* This suggestion is part of our Sweater Weather Reads series. On Twitter @BSPLibrary #sweaterweatherreads, we’ll be posting cool suggestions to snuggle up with all winter long. Got a frosty favorite? We’d love to hear from you. *
Back in the day, before the Internet and television and even radio, people entertained themselves and each other by reading and telling stories. Imagine sitting around a warm fire with the wind howling outside. The glow from the flames is your only light and it casts spectral shadows all around. You huddle close with your family around the fire, both for warmth and to hear Grandma as she tells the tales that she learned so many years before in the same manner as you are now.
Many of Sir Arthur Conan Doyle’s stories were probably read in this fashion. Doyle is incredibly famous for creating the character of Sherlock Holmes, but he also wrote many other stories. Most of the stories he wrote were originally published in The Strand magazine, as were the Holmes tales. Eight of these stories, published in 1898 and 1899, have been collected into a book entitled Tales for a Winter’s Night.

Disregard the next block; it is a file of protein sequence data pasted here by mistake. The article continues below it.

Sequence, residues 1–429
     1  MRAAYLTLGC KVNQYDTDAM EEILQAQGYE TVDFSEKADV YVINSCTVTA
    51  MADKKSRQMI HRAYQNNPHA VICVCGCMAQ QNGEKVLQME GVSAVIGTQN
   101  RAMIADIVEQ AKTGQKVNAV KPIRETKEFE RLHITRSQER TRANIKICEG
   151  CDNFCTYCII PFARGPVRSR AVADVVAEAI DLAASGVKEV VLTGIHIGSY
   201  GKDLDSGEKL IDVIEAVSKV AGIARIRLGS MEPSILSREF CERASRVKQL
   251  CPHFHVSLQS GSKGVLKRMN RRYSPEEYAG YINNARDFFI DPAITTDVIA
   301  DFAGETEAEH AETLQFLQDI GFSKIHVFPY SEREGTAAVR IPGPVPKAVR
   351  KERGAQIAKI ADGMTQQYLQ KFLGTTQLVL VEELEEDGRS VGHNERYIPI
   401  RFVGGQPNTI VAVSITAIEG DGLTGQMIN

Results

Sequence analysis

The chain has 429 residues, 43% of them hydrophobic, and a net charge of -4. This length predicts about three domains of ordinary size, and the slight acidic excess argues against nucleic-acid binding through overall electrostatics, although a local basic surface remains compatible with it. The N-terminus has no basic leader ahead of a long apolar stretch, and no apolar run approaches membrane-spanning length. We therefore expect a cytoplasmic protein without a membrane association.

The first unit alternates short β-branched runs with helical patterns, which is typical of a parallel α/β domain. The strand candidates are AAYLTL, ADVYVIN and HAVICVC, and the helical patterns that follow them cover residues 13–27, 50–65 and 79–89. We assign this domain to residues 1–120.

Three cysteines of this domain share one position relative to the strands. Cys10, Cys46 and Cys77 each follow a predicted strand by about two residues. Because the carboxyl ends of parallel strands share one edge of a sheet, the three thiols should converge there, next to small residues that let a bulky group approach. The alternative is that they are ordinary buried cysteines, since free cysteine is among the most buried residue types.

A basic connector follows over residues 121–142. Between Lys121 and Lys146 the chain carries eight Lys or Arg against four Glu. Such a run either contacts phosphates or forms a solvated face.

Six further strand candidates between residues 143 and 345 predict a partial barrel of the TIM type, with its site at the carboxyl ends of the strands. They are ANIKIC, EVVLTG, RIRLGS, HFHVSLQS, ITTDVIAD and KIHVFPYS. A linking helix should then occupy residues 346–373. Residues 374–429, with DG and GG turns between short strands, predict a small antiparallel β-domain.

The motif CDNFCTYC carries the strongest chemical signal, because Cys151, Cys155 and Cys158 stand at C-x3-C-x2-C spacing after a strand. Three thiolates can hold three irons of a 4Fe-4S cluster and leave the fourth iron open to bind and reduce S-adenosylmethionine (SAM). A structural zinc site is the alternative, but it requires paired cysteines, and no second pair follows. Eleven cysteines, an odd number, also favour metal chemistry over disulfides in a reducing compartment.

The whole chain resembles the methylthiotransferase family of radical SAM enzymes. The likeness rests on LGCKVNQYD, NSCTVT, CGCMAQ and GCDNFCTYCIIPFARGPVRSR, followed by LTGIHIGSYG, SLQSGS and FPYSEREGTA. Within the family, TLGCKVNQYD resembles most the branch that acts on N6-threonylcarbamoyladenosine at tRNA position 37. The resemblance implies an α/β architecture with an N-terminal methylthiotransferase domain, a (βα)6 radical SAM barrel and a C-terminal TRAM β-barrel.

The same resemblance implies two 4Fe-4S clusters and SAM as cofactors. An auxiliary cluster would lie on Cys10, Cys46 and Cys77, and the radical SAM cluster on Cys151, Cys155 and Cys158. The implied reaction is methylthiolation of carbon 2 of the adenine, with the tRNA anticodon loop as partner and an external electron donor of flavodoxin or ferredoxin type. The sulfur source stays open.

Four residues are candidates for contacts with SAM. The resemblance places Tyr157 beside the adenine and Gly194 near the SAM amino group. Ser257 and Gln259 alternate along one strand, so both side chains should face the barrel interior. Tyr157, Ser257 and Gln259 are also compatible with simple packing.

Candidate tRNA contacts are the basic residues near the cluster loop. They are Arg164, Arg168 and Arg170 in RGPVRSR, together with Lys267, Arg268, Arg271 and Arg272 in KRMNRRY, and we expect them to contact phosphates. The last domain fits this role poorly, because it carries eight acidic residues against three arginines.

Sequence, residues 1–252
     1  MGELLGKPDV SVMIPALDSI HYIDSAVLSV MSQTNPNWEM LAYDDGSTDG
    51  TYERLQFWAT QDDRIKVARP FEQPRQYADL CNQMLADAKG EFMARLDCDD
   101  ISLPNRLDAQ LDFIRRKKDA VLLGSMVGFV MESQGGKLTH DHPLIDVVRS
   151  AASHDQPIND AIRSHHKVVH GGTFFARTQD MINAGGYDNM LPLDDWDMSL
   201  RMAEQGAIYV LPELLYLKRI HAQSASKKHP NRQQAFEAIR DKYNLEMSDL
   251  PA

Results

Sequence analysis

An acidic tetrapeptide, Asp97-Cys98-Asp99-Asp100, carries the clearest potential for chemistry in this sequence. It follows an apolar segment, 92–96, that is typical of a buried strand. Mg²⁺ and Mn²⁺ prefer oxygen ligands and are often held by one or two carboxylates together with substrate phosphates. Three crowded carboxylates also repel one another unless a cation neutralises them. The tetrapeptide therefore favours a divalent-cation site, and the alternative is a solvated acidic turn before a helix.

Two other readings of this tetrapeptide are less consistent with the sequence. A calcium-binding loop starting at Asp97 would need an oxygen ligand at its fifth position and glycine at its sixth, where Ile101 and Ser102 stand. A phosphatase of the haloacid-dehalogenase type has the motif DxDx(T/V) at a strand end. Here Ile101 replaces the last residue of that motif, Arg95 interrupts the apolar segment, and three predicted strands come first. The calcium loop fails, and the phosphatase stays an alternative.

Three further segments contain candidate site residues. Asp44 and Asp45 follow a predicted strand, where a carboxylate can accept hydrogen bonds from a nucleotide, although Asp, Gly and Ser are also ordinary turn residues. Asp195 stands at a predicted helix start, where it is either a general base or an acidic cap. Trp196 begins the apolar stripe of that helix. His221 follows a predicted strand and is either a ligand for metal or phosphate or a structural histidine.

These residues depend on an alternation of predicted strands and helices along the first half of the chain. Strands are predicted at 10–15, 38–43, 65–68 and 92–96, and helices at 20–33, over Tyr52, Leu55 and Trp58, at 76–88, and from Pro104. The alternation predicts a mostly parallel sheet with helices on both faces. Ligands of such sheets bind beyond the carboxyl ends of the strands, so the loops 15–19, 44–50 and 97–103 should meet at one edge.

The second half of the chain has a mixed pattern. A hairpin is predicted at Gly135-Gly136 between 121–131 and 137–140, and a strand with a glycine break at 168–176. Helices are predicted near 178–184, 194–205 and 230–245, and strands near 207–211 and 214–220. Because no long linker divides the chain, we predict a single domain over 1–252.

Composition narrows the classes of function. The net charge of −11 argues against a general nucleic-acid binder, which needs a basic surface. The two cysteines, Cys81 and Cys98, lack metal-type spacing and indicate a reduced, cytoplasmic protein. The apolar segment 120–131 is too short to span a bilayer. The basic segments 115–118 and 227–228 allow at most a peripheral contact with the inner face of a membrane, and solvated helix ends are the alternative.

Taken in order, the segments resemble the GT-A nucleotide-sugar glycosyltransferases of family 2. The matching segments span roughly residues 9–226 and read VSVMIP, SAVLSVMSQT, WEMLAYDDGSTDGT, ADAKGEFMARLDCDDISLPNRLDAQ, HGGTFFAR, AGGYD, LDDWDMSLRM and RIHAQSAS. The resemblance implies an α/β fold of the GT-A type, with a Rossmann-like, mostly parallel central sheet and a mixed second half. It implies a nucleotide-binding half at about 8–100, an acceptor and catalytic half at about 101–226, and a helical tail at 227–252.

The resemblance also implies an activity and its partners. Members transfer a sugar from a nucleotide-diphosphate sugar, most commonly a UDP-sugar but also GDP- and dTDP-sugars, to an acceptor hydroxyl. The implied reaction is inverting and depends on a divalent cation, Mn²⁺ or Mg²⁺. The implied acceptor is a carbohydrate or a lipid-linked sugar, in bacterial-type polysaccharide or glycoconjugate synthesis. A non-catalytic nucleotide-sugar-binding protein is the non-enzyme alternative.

These are mystery stories, although they do not feature Sherlock Holmes. They do have a bit of the Holmes flavor, though. They are entertaining and puzzling, as that type of tale should be. It is fun to try to figure out the clues that Doyle gives to see if you can come to the correct solution before he reveals it. The other nice thing is that each story can be easily read in a short sitting, so you will not have to put the book down right when it gets interesting. You will, however, want to read the next story as soon as you finish one.